ADELAIDE (Reuters) - Australia’s top central banker on Thursday said a recent cut in interest rates would not be enough to revive economic growth, an unusually blunt declaration that led markets to narrow the odds on another easing as early as July.
Reserve Bank of Australia (RBA) Governor Philip Lowe said it was “unrealistic” to think that the single quarter-point cut in rates to 1.25% would work on its own and called for the government for more action on fiscal stimulus.
“The most recent data – including the GDP (gross domestic product) and labor market data – do not suggest we are making any inroads into the economy’s spare capacity,” said Lowe in a marked shift from his normally optimistic tone.
Annual growth in the economy slowed to a decade low of 1.8% in the March quarter while the jobless rate has ticked up to 5.2% from a low of 4.9% in February. Inflation and wages growth have also been more subdued than the bank previously expected.
Lowe said Australia could, and should, push unemployment down to 4.5% and easing policy would help deliver that goal.
Investors reacted by sharply lifting the probability of a July rate cut to 76% <0#YIB;>, from less than 50% before Lowe’s speech. The RBA’s next policy meeting is on July 2.
A move to 1% is more than fully priced by August, and yet a further easing to 0.75% by Christmas.
“Lowe’s comments signal that another cash rate cut is imminent,” said Kristina Clifton, a senior economist at CBA. “We now expect the next 25 basis point cut to be delivered in July rather than August.”
The RBA is hardly alone in easing, with both the U.S. Federal Reserve and the European Central Bank this week reversing course and opening the door to new stimulus.
That shift took a toll on the U.S. dollar and euro, and even helped the Australian dollar edge up from five-month lows. The Aussie was last up 0.1% at $0.6890.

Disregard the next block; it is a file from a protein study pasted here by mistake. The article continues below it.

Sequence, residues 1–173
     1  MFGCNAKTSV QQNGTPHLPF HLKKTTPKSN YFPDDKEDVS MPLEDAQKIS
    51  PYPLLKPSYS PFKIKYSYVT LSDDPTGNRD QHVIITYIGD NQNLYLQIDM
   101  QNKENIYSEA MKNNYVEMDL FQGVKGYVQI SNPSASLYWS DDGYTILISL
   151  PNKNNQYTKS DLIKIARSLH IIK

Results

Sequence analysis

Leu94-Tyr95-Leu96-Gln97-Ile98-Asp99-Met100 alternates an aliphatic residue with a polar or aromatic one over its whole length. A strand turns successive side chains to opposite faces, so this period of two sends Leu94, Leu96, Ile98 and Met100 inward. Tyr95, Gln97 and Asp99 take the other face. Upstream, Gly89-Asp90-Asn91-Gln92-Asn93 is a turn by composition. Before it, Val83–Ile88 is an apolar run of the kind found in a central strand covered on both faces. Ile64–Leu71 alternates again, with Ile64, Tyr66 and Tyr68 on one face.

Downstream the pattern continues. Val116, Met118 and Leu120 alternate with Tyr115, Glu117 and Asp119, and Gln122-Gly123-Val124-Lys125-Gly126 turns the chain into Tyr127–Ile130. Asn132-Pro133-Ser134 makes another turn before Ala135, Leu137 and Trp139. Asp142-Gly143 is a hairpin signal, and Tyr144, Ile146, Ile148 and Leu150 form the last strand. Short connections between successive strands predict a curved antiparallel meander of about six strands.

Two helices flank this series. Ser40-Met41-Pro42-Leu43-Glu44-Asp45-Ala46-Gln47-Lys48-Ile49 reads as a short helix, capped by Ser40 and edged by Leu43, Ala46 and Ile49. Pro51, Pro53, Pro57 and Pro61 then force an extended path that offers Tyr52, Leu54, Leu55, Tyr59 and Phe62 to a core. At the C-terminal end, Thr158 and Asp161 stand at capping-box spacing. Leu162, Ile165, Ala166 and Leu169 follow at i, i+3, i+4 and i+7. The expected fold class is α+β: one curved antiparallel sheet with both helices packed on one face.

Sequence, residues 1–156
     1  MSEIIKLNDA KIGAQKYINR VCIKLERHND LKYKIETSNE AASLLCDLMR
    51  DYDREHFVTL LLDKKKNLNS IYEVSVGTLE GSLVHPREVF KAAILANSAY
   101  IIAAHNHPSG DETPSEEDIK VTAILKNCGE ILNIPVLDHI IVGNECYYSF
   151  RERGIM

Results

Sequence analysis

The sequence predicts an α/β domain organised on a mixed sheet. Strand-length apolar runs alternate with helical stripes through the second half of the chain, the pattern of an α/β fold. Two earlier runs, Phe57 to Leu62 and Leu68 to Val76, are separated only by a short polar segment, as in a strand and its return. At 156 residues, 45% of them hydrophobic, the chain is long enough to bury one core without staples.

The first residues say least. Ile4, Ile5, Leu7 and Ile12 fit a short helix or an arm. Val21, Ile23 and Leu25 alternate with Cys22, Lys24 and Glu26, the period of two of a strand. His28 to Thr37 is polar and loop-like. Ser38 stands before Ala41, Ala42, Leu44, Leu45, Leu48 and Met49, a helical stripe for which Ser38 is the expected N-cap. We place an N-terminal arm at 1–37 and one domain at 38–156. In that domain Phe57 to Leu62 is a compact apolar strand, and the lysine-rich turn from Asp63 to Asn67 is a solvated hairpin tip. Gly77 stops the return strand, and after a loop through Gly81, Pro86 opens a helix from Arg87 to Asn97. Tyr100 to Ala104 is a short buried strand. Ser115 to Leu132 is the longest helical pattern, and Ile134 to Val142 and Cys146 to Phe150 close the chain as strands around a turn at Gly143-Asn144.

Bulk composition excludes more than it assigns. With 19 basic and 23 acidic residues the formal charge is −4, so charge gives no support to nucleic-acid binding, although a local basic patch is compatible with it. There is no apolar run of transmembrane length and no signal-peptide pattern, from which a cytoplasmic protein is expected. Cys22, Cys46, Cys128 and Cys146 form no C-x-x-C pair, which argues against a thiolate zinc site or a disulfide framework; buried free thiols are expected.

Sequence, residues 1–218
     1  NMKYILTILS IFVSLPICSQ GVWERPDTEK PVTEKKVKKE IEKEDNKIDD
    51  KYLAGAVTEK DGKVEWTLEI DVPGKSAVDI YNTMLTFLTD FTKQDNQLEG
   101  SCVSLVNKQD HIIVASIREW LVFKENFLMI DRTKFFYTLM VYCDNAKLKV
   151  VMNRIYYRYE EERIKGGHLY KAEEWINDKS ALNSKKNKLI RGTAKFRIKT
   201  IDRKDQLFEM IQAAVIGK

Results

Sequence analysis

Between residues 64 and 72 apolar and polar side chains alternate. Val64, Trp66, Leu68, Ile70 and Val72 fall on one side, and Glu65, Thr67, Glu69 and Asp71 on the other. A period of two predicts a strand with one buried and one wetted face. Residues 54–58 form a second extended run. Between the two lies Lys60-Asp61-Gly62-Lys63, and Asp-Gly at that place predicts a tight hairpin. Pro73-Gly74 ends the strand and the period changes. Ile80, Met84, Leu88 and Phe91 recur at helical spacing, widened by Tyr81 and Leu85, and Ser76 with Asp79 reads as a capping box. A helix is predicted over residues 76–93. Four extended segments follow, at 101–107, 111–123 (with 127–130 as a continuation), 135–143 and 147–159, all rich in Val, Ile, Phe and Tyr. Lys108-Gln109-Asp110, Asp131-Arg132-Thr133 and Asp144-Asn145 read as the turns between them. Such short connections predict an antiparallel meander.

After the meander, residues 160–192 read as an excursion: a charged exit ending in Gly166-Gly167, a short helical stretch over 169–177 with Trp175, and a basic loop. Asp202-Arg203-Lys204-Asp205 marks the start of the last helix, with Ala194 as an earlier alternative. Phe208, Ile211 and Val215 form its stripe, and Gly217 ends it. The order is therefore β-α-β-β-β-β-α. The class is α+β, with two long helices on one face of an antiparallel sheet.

Lowe also repeated a call for government action, including by borrowing to invest in new infrastructure. He argued that with 10-year bond yields at a record low of 1.3%, there had to be infrastructure projects that would generate a higher return for the nation.
Traditionally the RBA avoids commenting on fiscal policy, so Lowe’s very public pleas for help have been taken as a sign of his urgency.
So far, however, the newly re-elected conservative government of Prime Minister Scott Morrison has played down the need for fiscal stimulus and remains committed to returning the budget to surplus in 2019/20.
The surplus was a major plank of its surprise election win and will be politically hard to relinquish. The ruling Liberal National coalition has long been wedded to small government and spent the past decade demonising high public debt.
Some analysts suspected the government’s stance would eventually change.
“We expect the Government will respond to the Bank’s call with additional fiscal stimulus later this year, once the weaker economy overrides the political objective of achieving a budget surplus,” said NAB group chief economist Alan Oster.
Such stimulus could include bringing forward planned tax cuts, cash handouts and increased near-term infrastructure spending, said Oster.
NAB also joined CBA in shifting to July for the next rate cut, from August previously.
Reporting by Wayne Cole; Editing by Shri Navaratnam and Sam Holmes